Abstract: Using the maximum entropy method, this paper estimates the danger of contagion in the Finnish interbank market in 2005–2007 as well as the existence of contagion during a Finnish banking crisis. The contagion analysis of the early 1990s is able to predict the most troublesome and defaulting banks in the banking sector. The simulation results for 2005–2007 suggest that five of ten deposit banks are possible starting points for contagious effects. The magnitude of contagion is conditional on the first failing bank. In addition to large commercial banks, middle-sized banks also cause damaging domino effects. Over the last few years, the negative effects of contagion on the Finnish banking sector have been, on average, more limited than those of the early 1990s. The contagion is currently a low probability event in the Finnish interbank market.
    Keywords: contagion; interbank markets; Finland; maximum entropy
    JEL: G21
    Date: 2009–01–28
  7. By: Beck, Thorsten (Tilburg University); Demirguc-Kunt, Asli (The World Bank); Soledad Martinez Peria, Maria (The World Bank)
    Abstract: Using data from a survey of 91 banks in 45 countries, the authors characterize bank financing to small and medium enterprises (SMEs) around the world. They find that banks perceive the SME segment to be highly profitable, but perceive macroeconomic instability in developing countries and competition in developed countries as the main obstacles. To serve SMEs banks have set up dedicated departments and decentralized the sale of products to the branches. However, loan approval, risk management, and loan recovery functions remain centralized. Compared with large firms, banks are less exposed to small enterprises, charge them higher interest rates and fees, and experience more non-performing loans from lending to them. Although there are some differences in SMEs financing across government, private, and foreign-owned banks -- with the latter being more likely to engage in arms-length lending -- the most significant differences are found between banks in developed and developing countries. Banks in developing countries tend to be less exposed to SMEs, provide a lower share of investment loans, and charge higher fees and interest rates. Overall, the evidence suggests that the lending environment is more important than firm size or bank ownership type in shaping bank financing to SMEs.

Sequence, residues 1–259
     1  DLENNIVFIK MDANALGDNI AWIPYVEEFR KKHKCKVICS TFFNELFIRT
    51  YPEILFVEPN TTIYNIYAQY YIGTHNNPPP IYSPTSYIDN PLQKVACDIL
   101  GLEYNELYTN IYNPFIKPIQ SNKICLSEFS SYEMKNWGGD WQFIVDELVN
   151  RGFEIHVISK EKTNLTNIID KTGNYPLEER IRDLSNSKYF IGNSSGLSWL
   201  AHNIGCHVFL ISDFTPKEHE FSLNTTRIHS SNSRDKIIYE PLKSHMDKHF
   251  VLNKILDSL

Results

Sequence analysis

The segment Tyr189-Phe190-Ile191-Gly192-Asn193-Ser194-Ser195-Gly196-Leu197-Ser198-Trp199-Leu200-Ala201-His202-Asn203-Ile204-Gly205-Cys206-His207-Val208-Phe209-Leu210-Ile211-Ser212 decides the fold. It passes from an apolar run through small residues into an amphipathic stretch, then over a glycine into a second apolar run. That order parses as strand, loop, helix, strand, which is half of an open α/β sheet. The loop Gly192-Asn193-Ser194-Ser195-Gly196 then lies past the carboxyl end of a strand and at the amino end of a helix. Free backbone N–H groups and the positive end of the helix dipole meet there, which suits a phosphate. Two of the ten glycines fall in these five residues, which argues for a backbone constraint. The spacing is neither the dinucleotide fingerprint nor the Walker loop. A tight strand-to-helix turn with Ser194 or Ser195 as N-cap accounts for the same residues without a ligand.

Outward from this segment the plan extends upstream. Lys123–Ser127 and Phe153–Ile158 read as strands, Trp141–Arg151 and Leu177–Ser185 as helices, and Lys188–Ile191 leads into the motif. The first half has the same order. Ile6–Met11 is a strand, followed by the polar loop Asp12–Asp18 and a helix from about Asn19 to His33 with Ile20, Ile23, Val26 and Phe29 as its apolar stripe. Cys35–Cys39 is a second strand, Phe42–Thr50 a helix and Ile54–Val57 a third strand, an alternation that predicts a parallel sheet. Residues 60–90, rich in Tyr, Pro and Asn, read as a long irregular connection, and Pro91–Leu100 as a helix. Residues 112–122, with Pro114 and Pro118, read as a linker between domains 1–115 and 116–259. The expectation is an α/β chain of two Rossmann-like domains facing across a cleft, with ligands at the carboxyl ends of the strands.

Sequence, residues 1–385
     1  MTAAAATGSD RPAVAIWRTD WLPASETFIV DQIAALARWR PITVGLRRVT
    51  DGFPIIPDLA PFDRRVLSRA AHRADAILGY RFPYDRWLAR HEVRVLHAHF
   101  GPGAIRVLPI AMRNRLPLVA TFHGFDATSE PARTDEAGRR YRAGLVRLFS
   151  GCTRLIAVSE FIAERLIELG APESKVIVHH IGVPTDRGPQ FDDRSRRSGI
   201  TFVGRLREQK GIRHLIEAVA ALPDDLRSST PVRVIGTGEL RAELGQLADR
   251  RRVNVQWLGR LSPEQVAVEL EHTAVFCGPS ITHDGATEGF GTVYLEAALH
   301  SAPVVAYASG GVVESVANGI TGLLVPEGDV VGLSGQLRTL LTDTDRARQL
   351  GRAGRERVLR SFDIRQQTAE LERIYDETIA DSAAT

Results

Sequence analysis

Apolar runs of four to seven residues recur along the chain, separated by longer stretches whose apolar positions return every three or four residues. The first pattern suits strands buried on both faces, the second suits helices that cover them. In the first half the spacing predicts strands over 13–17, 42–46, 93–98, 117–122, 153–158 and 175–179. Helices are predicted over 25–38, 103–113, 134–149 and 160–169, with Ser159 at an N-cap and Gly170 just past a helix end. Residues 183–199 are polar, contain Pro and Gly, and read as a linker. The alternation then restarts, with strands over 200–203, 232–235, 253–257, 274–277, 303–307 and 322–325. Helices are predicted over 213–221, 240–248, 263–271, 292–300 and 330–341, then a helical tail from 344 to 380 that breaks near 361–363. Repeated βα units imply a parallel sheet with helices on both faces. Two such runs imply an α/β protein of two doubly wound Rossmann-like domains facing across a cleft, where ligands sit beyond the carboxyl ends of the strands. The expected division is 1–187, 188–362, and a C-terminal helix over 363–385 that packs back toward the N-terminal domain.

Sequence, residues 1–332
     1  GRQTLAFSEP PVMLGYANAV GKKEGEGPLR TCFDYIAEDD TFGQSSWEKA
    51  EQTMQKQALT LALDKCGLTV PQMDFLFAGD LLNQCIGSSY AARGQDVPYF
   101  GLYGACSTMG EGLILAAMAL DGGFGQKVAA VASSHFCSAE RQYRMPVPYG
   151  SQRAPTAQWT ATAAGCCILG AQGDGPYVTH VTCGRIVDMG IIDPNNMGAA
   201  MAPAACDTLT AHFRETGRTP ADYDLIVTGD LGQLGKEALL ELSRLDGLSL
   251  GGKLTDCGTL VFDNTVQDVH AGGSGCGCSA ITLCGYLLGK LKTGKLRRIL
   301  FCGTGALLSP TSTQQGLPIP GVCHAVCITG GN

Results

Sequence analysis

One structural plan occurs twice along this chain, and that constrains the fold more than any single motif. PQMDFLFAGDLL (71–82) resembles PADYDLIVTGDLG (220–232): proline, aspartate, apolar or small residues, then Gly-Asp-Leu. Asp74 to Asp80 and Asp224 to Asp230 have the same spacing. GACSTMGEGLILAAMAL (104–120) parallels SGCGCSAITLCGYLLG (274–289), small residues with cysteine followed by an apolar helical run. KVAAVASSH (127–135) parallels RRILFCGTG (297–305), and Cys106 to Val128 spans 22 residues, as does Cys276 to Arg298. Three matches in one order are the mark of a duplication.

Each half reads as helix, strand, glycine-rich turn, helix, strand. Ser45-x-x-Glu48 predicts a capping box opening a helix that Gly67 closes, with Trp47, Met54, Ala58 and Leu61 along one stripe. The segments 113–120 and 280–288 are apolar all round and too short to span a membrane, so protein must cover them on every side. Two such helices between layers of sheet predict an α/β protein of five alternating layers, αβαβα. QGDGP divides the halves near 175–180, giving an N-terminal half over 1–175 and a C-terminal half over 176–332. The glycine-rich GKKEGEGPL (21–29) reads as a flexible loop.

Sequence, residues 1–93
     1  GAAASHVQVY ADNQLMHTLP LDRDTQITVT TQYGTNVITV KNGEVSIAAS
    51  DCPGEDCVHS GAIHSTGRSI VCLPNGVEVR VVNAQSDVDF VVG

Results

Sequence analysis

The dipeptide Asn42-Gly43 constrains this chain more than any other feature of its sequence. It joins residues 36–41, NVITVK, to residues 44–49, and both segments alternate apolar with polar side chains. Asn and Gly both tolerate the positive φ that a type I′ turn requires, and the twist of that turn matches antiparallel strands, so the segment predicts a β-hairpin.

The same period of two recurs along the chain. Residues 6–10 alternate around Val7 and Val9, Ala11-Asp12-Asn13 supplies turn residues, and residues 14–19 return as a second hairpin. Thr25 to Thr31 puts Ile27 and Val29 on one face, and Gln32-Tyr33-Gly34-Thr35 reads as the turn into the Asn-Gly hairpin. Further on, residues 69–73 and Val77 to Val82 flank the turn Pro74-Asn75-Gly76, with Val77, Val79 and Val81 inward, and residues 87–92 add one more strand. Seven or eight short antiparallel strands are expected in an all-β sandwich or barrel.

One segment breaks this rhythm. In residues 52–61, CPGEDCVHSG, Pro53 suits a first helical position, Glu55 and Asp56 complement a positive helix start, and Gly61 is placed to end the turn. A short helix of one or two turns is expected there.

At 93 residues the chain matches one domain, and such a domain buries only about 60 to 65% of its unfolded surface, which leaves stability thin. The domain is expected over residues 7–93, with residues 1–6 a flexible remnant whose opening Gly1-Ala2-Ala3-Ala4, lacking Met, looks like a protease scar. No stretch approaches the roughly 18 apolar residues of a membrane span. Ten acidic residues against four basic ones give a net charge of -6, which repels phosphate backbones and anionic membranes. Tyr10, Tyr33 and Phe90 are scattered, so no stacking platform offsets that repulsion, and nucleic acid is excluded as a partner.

Keywords: Access to credit; access to finance; Access to information; Bank Consolidation; Bank Financing; bank involvement; bank lending; bank loans; Bank Policy; Banking Industry; Banking Practices;
    Date: 2008–11–01
  8. By: Gropp, Reint Eberhard; Kashyap, Anil K.